It was 1903 at the Leavenworth Penitentiary in Kansas when prison clerk M.W. McClaughry did a double take (literally!) when a prisoner named Will West arrived to be processed. McClaughry was pretty sure that he had already processed the man’s records in 1901.
When McClaughry asked West if he had gone through the process before, the latter said that it was his first time there.
Still doubting West’s answer, McClaughry looked for the file of Will West and found it. It showed mugshots of a man that looked like the guy in front of him.
They could be twins!
West saw the file and mugshots, too, but he insisted, “That’s my picture, but I don’t know where you got it, for I know I have never been here before.”
Thus, McClaughry went about taking West’s Bertillon measurements. It’s a procedure named after the French policeman Alphonse Bertillon and involves measuring key physical features.
Much to McClaughry’s surprise, the man in front of him and the man in the mugshots shared almost the same Bertillon measurements. Upon further clarification, though, it was established that there was, indeed, another Will West.
Aside form highlighting the weakness of the Bertillon method, the case also made fingerprinting necessary.
Same face, different fingerprints.
The fingerprinting procedure was already around since 1858, when with Sir William James Herschel, Chief Magistrate of the Hooghly district in Jungipoor, India, required people to stamp their business contracts with their palms.
Years later, the procedure was also adopted by Scotland Yard’s Sgt. John K. Ferrier, whom McClaughry was able to meet at the St Louis World Fair in 1904.
With Ferrier’s help McClaughry then found out all he could about the use of fingerprinting and its accuracy in identifying criminals. He then brought the process to Leavenworth Prison.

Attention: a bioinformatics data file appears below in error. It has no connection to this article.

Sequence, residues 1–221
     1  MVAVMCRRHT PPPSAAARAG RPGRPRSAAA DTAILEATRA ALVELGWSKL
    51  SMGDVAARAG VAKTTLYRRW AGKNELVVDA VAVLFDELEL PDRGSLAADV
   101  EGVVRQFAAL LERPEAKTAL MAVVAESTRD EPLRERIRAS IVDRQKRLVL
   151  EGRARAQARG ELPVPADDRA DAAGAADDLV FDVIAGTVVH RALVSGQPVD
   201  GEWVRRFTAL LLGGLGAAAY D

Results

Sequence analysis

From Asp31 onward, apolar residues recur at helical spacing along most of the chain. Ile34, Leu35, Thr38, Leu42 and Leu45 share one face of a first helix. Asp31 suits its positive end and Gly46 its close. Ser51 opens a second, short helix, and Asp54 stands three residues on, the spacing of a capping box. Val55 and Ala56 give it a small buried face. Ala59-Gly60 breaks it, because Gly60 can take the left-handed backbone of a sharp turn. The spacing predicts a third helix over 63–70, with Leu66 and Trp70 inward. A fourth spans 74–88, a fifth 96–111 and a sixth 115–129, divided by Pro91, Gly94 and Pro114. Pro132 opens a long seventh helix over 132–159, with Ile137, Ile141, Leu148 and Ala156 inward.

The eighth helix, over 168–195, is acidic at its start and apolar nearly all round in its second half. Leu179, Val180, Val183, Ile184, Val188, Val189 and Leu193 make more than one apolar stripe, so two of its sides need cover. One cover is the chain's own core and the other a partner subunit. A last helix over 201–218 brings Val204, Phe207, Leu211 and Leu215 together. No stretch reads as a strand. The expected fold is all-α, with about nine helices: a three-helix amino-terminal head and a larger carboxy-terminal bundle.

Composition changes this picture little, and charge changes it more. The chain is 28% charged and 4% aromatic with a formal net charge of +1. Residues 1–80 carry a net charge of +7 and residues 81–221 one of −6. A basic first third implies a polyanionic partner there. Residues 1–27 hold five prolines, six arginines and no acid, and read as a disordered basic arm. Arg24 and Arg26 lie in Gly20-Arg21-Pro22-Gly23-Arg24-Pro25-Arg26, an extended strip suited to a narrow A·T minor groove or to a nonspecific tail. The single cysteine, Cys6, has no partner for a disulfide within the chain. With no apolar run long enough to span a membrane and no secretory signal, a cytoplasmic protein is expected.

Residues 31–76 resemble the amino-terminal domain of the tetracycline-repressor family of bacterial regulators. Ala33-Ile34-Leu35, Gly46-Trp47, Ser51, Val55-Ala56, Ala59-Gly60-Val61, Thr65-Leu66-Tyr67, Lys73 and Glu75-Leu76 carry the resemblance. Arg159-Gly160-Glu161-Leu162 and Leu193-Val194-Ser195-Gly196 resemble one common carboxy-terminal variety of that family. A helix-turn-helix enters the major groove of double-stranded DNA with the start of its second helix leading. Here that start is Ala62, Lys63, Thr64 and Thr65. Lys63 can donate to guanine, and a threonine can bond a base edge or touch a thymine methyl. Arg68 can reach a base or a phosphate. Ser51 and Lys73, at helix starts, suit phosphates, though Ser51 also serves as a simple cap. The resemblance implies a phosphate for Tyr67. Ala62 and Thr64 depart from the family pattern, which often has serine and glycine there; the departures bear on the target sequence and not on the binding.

Thus, we have the two Will Wests to thank for the development in crime investigation. Otherwise, a lot of lookalikes would be in trouble.
Rich Japanese Women Hires Servants to Take the Blame for their Farts
We all have that one friend who always blames others for his or her farts!
What would be your personal definition of luxury? Would it be owning an expensive house? Or having several luxury cars, perhaps? Excessive partying? Travelling the world?
Well, Japanese noblewomen from the Edo period (1603-1868) had a bizarre idea.
For them, the ultimate comfort in life is to have a heoibikuni – a servant woman whose duty is to, of course, serve her employer. A heoibikuni does everything from mundane tasks to the most absurd of responsibilities. Such as owning up to their boss’ gaseous emissions.
Graphic Illustrations That Reveal The Horror of Surgery During the Nineteenth Century
Now I understand why people are afraid of doctors.
Have you ever wondered how things were done before surgery was considered safe and before the operating room was considered sterile?
Well, you're about to find out.
A recent publication entitled Crucial Interventions vividly illustrates how some surgeries were performed during the nineteenth century - the period that witnessed the complete revolution of the practice of surgery, when antisepsis was introduced, and when barbers stopped performing surgical procedures. Some illustrations are morbidly graphic, it just makes me cringe! Imagine if the surgical procedures are still performed this way today.
Researchers Discover a Fascinating Version of Facebook in the 16th Century
Social networking in the 16th century.
With Facebook becoming a mainstream media for communicating as well as interacting with friends, it is certainly hard to imagine life without it.
Interestingly, people in the past had their own version of social network as early as 1560.
Recently, researchers discovered what was called alba amicorum or “friend books”, which were carried around by noble young men and women of Northern Europe to establish professional and personal relationships.
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